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  • Writer's pictureSylvain Lupari


This is a colossal work at the greatness of Gabriele Quirici's inspirations who develops here a series of ambient rhythms that will seduce

CD 1 Personal Time 74:34

1 Dreaming Time 8:43

2 Time Travelers 8:44

3 Time Lines 9:14

4 Meditative Times 12:43

5 Hypnotic Lines 8:16

6 Walking Time 8:39

7 Child Time 6:40

8 The Circular Sound (Healing Time) 6:35

9 Saluto ad una persona importante (Sad Time) 4:56

CD 2 Friends Time Lines| 78:53

1 Inner Space Time (Syndromeda) 9:36

2 Friends Time (Waveman) 9:04

3 Metaphysical Time (with Gerd Weyhing) 9:20

4 Ricochet Time Lines (with Rewo) 4:09

5 Subway Time to Castro Pretorio Station (with Ian Keely) 7:03

6 Silence Time (with Alluste) 11:27

7 Cosmic Time (with Pharamond) 5:16

8 Rainy Time (with Michael Brückner) 11:16

9 Reflection Time (with Tau Ceti) 4:48

10 Moments Frail (with Antara Annamarie Borg) 6:47

(2 CD-R/DDL 153:27) (V.F.)

(Dark Ambient, Berlin School)

Sound graphic and designer for a music which is a choreography for dreams, Gabriele Quirici amassed during the last 5 years a multitude of sound thoughts inspired by some emotional moments. Behind a sequencer and an Arpeggiator, he amused himself by composing short music pieces. Rhythmic loops which suit the shape of his emotions. TIMES LINES is the fruit of these momentary strikes of emotion. Initially, these very personal reflections would have found its place on a double album that would have includes only his music. The music of Perceptual Defence! But after mature introspections, he has rather decided to split the album into two parts. The CD 1, entitled Personal Time, would be very introspective, while the second CD would offer the possibility to some of his friends' musicians to compose their music through these loops of rhythm that would be more personal to them. The result is strange, eclectic and fascinating. Because beyond the appearances of rather complex rhythms molded by impulses of arpeggios, the shadow of Perceptual Defence keeps a close watch on this incursion of the Italian synthesist in the sonic sculptures of the New Berlin School and makes sure that TIME LINES stays under the bosom of the works to the dark and experimental flavors of Perceptual Defence.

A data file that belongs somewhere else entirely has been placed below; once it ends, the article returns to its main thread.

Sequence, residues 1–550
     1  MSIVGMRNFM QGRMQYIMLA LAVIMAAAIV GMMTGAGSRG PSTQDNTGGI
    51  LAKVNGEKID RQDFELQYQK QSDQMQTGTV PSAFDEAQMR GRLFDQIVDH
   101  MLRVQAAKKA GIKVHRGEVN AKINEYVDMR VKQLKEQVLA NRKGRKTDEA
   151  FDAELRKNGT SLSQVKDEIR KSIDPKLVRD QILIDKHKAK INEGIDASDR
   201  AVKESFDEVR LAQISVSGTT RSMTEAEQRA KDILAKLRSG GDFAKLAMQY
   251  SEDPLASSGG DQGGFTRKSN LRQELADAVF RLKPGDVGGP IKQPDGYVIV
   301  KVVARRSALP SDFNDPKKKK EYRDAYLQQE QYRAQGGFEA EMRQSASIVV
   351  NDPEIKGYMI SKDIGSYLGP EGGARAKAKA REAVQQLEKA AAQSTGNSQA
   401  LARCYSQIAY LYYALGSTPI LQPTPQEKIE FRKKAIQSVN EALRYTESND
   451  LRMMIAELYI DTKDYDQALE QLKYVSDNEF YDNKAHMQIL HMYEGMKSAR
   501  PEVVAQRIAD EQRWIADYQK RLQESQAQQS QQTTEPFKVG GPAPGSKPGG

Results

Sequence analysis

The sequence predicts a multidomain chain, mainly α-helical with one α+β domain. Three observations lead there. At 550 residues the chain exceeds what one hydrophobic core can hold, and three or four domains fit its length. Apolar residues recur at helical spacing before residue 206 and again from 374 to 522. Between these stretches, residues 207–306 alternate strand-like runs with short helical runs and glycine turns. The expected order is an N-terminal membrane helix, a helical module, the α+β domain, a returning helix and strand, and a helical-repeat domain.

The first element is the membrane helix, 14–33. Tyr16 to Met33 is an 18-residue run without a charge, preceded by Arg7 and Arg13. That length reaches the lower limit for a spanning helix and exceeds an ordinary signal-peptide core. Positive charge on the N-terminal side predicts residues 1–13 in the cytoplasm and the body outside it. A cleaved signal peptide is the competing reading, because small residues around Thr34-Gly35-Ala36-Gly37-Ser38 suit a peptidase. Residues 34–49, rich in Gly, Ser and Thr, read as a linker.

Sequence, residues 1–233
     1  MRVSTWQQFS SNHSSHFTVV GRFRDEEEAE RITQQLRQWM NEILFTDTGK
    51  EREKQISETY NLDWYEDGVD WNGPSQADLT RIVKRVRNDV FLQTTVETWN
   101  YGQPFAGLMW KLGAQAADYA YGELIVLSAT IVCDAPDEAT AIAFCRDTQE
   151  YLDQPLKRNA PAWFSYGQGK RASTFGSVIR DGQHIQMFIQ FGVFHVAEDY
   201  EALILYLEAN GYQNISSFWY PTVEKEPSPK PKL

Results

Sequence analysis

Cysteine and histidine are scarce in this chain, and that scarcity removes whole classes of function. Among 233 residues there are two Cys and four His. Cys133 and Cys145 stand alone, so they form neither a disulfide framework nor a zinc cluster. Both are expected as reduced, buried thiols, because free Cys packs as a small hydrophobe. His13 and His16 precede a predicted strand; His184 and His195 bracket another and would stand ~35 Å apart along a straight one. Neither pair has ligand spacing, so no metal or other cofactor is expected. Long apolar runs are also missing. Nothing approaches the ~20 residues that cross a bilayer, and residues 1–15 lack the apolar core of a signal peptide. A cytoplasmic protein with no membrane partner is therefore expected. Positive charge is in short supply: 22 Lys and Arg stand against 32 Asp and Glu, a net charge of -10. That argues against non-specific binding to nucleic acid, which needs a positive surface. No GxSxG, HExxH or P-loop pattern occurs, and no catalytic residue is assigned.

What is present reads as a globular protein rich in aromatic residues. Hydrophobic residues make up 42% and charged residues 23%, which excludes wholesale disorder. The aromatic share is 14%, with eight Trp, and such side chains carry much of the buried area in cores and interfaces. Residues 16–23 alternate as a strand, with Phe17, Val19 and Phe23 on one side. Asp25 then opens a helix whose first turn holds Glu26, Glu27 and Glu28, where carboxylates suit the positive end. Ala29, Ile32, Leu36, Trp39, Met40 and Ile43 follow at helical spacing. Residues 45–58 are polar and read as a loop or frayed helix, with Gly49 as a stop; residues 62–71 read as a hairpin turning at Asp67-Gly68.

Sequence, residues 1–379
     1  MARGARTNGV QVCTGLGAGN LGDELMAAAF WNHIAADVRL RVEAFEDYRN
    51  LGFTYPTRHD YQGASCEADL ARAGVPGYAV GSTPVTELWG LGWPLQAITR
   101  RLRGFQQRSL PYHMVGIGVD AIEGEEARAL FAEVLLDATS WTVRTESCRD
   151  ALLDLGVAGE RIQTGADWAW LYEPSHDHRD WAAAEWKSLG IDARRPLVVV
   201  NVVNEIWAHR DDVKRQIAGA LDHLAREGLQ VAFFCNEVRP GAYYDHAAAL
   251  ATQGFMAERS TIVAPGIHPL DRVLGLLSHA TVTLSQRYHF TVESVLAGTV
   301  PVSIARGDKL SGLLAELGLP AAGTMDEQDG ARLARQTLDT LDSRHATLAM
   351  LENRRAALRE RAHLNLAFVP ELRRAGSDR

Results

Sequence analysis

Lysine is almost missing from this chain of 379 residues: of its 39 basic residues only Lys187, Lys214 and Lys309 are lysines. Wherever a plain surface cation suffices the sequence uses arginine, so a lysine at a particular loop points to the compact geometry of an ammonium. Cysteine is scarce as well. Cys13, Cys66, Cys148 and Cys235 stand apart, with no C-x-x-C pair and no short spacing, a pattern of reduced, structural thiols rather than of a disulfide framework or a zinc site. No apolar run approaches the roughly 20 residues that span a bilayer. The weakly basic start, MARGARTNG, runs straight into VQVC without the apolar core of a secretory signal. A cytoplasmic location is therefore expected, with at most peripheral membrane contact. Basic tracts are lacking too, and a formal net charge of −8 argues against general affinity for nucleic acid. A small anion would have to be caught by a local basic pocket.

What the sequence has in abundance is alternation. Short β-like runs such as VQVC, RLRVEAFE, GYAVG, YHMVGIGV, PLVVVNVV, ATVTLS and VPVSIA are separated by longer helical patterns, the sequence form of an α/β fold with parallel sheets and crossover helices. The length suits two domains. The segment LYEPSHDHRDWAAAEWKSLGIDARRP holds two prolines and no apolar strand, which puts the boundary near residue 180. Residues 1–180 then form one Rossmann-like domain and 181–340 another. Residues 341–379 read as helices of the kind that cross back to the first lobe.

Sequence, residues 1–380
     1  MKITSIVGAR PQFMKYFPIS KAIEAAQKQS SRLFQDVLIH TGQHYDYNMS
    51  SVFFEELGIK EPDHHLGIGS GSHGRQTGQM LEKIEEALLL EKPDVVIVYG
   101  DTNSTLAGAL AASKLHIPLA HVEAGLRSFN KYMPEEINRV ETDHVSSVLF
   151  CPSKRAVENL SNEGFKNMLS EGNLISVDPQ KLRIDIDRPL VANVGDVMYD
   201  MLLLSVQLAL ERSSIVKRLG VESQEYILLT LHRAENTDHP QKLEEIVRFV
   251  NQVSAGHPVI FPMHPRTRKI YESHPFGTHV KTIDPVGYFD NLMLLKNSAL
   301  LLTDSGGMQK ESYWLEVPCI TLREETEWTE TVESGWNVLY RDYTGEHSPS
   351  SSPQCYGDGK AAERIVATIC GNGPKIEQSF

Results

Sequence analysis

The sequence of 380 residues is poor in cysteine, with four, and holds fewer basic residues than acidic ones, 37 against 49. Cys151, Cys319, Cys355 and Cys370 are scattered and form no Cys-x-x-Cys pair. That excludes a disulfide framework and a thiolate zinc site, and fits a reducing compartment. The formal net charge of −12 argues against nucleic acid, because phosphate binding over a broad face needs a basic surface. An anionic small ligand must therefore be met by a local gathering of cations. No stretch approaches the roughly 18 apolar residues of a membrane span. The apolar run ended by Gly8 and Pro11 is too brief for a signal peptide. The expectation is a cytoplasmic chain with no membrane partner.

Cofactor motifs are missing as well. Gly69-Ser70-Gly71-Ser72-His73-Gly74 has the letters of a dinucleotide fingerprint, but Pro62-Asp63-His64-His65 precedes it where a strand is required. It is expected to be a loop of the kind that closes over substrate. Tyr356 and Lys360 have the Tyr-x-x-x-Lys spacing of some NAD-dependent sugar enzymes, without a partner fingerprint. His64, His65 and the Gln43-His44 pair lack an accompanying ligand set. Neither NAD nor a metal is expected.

Synth lines singing such as interstellar whales welcome the fragile rhythm of Dreaming Time of which the race of the arpeggios is drawing movement of back and forth. This ascending movement becomes more fluid, or less static, freeing even shadows, some are more crystal-clear, which pound in a freer style below a sky multicolored by musical lines which have become now more sibylline. Time Travelers dissipates these nuances between the chants of the synths with a violent rhythm which flutters like a seagull trapped in the tempest of the Pacific winds. Winds which sometimes moo with somber metallic impulses, destabilizing the race of the arpeggios which struggle fervently in an agile static ballet. Always in a membrane of motionless rhythmic ritornello, the title-track offers a more fluid approach where two lines of harmonious rhythms, one with a very boosted flow and the other one with a more waddling approach, crisscross their minimalist airs under the breezes of a synth and of its aggressive twisted solos. In spite of the swiftness of the arpeggios and the charm of their sometimes-destabilizing cadences, the rhythms which widen nevertheless a gap between the very ambiospherical approach of Gabriele Quirici and the model of driven based sequences rhythm of the Berlin School style remains rather ambient. No matter the forms, except for the superb Meditative Times whose sonic decor reminds that of Software in Electronic Universe. Here, the rhythm eventually imploded with keys which pound in all directions, drumming a rather abstract cadence which awakens a foot stomping. One could believe to hear a piece of music mislaid in the vaults of Software. It is very good, like Hypnotic Lines which also adopts this ambient-cosmic vision with keys which follow each other in a crocodile line, adjusting their flickered beatings in nice corridors filled of star dusts. Walking Time offers a more delicate rhythm, always so harmonious, with arpeggios which skip in a mess of synth lines filled of chirpings, of rhythmic loops, of cosmic mist and of ethereal voices. The finale pushes Walking Time towards more psychotronic corridors with some very furious arpeggios. Child Time is a sweet electronic lullaby with keys which sculpture some very wide oscillations, dropping to the passage other keys which try to follow the pace. The movement is as oneiric than soft with delicate structures of crisscrossed ambient rhythms which coil up each other in a good melancholic veil. This is very nice! The more we move forward in the section of Personal Time and the more Perceptual Defence is offering sweetnesses. Even with its sequences which stammer in a little more jerky approach, the rhythm of The Circular Sound (Healing Time) throws a captivating aura of serenity. The keys make contrast with the slow veils of the synth which wrap up a pace after all very musical.